Crude prices fell on Monday following a pre-weekend surge and in the wake of weak Chinese economic data, and as markets assessed the impact of a European Union embargo on Iranian oil.
Brent North Sea crude for delivery in August shed $1.33 to stand at $96.47 a barrel in midday London deals.
New York's main contract, light sweet crude for August, dropped $1.10 to $83.86 a barrel.
US prices had rocketed more than $7.0 a barrel on Friday as buyers seized on eurozone leaders' agreement on key crisis measures as a signal that oil demand could rise. Brent prices had also soared by about $6.50 a barrel.
Monday's fall in crude was unsurprising after Friday's surge, said Victor Shum, an analyst at Purvin and Gertz energy consultants.
"That's not surprising after the gain last Friday," he told AFP.
"The pullback is also supported by some of the latest data out of China showing the purchasing managers index falling in June," added the Singapore-based analyst.
Weekend data showed China's purchasing managers' index (PMI) slumping last month despite government efforts to arrest a slowdown in the world's largest energy consumer.
The official PMI slipped to 50.2 in June from 50.4 in May, industry group the China Federation of Logistics and Purchasing said in a statement issued Sunday.
On Monday, British bank HSBC released its China PMI, which gave a gloomier picture than the official data. It showed the country's manufacturing activity contracting for the eighth consecutive month in June. The bank's index fell to 48.2 in June from 48.4 in May, according to an HSBC statement.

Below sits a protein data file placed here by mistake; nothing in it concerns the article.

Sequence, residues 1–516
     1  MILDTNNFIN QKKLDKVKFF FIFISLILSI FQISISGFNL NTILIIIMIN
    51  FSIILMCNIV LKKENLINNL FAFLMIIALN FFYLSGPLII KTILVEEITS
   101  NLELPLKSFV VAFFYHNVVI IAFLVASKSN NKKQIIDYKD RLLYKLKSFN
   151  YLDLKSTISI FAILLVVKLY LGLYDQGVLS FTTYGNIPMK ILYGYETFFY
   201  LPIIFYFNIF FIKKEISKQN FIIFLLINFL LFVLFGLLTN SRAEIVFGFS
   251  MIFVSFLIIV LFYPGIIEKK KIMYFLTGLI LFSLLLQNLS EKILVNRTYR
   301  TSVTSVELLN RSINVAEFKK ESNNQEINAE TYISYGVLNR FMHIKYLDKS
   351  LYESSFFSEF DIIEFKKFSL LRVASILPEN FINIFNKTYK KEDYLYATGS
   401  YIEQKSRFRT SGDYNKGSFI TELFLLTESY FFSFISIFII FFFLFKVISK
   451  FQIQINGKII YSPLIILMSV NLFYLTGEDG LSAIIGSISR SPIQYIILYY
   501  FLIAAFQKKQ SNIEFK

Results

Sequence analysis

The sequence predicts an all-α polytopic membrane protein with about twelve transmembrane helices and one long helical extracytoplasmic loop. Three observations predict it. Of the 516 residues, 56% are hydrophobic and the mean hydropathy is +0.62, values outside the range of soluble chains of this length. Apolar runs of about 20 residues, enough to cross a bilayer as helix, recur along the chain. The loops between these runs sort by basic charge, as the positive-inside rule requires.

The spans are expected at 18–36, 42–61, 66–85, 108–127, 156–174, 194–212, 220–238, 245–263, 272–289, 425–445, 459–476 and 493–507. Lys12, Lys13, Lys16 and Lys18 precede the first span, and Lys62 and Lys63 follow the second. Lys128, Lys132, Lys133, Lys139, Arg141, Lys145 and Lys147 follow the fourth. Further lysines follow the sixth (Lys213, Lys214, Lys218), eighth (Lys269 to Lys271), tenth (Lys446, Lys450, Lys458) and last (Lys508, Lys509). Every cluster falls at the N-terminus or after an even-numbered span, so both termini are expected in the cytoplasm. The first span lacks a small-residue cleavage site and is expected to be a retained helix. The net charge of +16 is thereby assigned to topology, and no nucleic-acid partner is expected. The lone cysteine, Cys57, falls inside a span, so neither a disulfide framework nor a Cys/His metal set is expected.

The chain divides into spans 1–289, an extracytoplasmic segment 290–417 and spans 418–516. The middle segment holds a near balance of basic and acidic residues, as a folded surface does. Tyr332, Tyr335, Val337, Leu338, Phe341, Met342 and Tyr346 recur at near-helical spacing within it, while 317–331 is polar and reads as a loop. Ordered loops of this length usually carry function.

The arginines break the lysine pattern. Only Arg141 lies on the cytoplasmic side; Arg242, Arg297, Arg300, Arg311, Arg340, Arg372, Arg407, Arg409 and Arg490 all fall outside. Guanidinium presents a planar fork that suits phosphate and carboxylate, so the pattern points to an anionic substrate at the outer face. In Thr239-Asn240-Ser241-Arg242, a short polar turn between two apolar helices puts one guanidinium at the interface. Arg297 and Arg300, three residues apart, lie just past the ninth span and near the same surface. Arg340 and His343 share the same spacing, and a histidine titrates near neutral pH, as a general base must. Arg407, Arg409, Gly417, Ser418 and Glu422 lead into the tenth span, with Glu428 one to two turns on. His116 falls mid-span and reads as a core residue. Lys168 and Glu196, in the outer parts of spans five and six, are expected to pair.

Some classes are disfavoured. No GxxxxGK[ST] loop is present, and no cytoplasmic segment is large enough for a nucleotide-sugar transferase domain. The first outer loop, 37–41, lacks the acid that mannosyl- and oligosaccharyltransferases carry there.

A PMI reading above 50 indicates expansion, while a reading below 50 points to contraction. HSBC's preliminary reading for June was 48.1.
A European Union embargo on Iranian oil began on Sunday, provoking anger in Tehran which said the measure would hurt talks with world powers over its sensitive nuclear activities.
Oil market observer bodies and analysts said the embargo, coupled with US financial sanctions ramped up on Thursday, were gutting Iran's vital oil exports, which account for half of government revenues.
The EU embargo was the latest -- and most punishing -- of a raft of international sanctions designed to pressure Iran to curb its nuclear programme.
Most of the West fears that the Islamic republic is seeking to get to the cusp of being able to make nuclear weapons, despite Tehran's repeated denials.
"This weekend marked the official beginning of the EU's embargo on Iranian crude exports, which will not only see a full halt to purchases of Iranian barrels by buyers in the EU, but will also make acquiring shipping insurance for vessels carrying Iranian supplies considerably more difficult," JBC Energy research group said in a note to clients on Monday.